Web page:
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LINGUIST List 18.452

Fri Feb 09 2007

Diss: Semantics/Syntax: Castroviejo: 'Wh-exclamatives in Catalan'

Editor for this issue: Hunter Lockwood <hunterlinguistlist.org>

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        1.    Elena Castroviejo, Wh-exclamatives in Catalan

Message 1: Wh-exclamatives in Catalan
Date: 08-Feb-2007
From: Elena Castroviejo <elena.castroviejoupf.edu>
Subject: Wh-exclamatives in Catalan

Institution: University of Barcelona
Program: Cognitive Science and Language
Dissertation Status: Completed
Degree Date: 2006

Author: Elena Castroviejo

Dissertation Title: Wh-exclamatives in Catalan

Dissertation URL: http://mutis.upf.es/glif/pub/elena/elena/tesi.pdf

Linguistic Field(s): Semantics

Subject Language(s): Catalan-Valencian-Balear (cat)

Dissertation Director:
Louise E McNally
Xavier Villalba Nicolás

Dissertation Abstract:

The main goal of the thesis Wh-exclamatives in Catalan is to shed light on
the characterization of a type of clause that has not received as much
attention as other types of clauses such as interrogatives or declaratives.
My working hypothesis is that exclamatives are a kind of degree
construction that is reminiscent of comparative and result clause
constructions. However, exclamatives and declarative degree constructions
differ in at least two important properties: the presence of wh-movement
and their way of updating the Common Ground.

This work specifically studies two instances of wh-exclamatives in Catalan,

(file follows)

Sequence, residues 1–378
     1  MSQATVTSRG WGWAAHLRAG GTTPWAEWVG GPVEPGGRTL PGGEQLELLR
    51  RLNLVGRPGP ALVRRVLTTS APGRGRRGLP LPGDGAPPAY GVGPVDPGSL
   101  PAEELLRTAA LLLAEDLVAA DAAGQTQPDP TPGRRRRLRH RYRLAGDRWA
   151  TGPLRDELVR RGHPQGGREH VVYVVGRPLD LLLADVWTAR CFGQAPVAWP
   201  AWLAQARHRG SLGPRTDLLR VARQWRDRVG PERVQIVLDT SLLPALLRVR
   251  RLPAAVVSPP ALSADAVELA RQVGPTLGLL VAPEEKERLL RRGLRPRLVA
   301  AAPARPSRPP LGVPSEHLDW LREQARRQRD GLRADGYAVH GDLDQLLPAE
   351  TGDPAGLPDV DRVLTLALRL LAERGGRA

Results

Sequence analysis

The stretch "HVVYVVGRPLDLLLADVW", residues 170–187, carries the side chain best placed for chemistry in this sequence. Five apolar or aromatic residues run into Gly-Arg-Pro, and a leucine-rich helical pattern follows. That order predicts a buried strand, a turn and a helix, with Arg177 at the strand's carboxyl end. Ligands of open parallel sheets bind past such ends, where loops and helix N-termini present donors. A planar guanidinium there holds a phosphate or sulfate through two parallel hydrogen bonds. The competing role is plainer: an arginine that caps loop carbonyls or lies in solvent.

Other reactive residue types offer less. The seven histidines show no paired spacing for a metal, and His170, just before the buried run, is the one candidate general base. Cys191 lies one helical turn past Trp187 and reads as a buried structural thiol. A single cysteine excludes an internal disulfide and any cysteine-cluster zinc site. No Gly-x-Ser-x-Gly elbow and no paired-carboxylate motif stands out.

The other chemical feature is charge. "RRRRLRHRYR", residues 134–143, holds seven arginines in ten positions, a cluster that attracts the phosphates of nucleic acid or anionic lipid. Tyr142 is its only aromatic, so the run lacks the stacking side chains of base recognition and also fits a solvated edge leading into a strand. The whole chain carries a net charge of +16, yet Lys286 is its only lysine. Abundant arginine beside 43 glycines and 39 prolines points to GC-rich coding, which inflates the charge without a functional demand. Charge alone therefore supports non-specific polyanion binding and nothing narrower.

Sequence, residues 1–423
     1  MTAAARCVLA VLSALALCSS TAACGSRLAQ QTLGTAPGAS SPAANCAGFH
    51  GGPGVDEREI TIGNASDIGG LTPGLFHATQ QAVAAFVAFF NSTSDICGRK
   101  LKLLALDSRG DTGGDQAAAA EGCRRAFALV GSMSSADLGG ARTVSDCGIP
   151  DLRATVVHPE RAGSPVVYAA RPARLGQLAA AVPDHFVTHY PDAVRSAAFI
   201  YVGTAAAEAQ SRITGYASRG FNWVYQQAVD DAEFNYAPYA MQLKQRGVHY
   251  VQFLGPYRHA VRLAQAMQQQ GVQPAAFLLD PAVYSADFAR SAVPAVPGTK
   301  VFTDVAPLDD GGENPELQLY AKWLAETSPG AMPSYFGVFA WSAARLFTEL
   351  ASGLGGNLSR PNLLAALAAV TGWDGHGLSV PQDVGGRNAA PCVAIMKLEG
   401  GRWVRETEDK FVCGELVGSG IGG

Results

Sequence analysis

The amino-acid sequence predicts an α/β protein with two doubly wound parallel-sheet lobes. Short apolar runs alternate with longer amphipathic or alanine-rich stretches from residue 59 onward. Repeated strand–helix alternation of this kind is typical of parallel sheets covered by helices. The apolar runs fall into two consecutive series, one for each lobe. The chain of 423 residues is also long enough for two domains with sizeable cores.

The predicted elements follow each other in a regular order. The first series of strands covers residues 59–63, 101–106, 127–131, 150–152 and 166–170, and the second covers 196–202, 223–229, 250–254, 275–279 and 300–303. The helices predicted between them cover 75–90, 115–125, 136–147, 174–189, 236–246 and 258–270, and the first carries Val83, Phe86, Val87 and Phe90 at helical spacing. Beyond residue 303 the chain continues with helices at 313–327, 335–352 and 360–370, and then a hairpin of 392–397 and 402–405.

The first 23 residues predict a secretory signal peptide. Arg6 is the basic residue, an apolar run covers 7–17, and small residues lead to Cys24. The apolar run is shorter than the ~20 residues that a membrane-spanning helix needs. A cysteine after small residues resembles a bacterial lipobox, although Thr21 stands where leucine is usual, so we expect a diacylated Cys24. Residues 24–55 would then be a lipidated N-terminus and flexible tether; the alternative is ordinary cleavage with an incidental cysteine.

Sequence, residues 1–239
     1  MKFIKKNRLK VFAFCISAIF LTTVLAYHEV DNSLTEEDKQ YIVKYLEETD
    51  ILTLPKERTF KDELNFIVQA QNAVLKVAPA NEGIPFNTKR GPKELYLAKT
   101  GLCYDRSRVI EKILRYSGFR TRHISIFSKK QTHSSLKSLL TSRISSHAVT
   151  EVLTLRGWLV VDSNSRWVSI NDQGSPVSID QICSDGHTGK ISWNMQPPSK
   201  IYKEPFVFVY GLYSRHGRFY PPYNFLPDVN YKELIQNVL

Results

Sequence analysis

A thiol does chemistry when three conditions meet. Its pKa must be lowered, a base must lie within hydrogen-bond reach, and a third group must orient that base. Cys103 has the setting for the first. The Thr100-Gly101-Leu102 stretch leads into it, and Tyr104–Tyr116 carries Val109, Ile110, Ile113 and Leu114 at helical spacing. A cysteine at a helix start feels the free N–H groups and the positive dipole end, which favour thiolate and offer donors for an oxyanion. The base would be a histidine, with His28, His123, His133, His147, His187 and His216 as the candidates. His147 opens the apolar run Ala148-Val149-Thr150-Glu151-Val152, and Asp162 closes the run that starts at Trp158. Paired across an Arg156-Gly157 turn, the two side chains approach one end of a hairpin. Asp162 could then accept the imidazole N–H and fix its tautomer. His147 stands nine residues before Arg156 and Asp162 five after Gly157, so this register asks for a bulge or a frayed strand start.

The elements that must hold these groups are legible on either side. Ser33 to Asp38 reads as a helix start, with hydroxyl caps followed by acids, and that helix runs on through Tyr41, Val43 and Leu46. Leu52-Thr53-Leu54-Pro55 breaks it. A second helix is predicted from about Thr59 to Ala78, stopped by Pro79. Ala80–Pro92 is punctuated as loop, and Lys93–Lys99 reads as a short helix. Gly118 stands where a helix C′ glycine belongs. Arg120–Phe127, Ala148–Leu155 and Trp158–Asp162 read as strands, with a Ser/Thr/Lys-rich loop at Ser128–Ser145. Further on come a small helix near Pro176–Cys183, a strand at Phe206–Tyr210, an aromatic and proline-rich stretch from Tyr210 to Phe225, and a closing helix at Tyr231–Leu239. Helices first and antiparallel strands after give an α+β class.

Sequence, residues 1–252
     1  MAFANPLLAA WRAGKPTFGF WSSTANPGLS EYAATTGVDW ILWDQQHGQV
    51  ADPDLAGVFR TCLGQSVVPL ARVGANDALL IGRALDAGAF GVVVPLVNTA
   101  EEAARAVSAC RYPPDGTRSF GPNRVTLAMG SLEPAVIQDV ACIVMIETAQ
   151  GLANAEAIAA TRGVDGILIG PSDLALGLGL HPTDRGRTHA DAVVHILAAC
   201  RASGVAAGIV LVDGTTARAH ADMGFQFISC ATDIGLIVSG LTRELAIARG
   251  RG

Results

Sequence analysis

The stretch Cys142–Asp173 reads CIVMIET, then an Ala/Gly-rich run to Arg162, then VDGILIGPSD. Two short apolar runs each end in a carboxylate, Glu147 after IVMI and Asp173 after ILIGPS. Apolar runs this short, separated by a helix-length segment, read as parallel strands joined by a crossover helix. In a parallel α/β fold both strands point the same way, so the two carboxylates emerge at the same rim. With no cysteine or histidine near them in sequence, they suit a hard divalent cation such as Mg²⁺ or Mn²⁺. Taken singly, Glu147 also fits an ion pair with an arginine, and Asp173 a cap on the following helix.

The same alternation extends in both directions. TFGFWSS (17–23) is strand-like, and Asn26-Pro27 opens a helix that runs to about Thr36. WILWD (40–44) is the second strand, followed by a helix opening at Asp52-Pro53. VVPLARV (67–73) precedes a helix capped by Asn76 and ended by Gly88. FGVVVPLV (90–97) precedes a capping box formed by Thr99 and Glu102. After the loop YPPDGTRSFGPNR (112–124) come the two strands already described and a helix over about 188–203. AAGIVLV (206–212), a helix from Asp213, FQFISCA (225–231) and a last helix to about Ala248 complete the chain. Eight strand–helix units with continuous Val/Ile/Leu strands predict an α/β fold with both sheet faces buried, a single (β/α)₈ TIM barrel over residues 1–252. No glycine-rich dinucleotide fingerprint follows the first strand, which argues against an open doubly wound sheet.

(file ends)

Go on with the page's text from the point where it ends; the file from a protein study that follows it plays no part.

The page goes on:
namely exclamatives whose wh-word is the degree operator que ('how') ((1))
and exclamatives introduced by the wh-word quin ('what') ((2)).

(1) [Que alt]DegP que és en Pau!
'How tall Pau is!'
(2) [Quin pastís [tan bo] DegP]DP que ha preparat en Ferran!
'What a nice cake Ferran made!'

Syntactically, I assume that the wh-phrase lands in Spec,C and, thus, the
presence of the complementizer que in Cº. On the other hand, I propose that
it is required that the wh-phrase include a DegP introduced by tan or que
(the latter of which I analyze as tan [+wh]). Semantically, tan is a
degree operator that establishes a "greater than or equal to" relation
between two degrees, a reference degree and a standard degree. The
reference degree is the degree of ADJ-ness of the individual that is the
argument of the gradable adjective, interpreted as a measure function. The
standard degree is taken from context and it must be high. Finally, the
particular discourse contribution of exclamatives (i.e., they cannot be
used as answers to questions) has led me to propose that they include
descriptive content that is not asserted. More specifically, an exclamative
contains two kinds of meaning: an explicit meaning (i.e., that the subject
is at least as ADJ as a high degree) and an implicated meaning (i.e., that
the speaker shows an attitude towards the subject's degree of ADJ-ness). I
analyze the explicit meaning as a fact (and not as a proposition), because
the speaker does not use this content as new information to update the
Common Ground.

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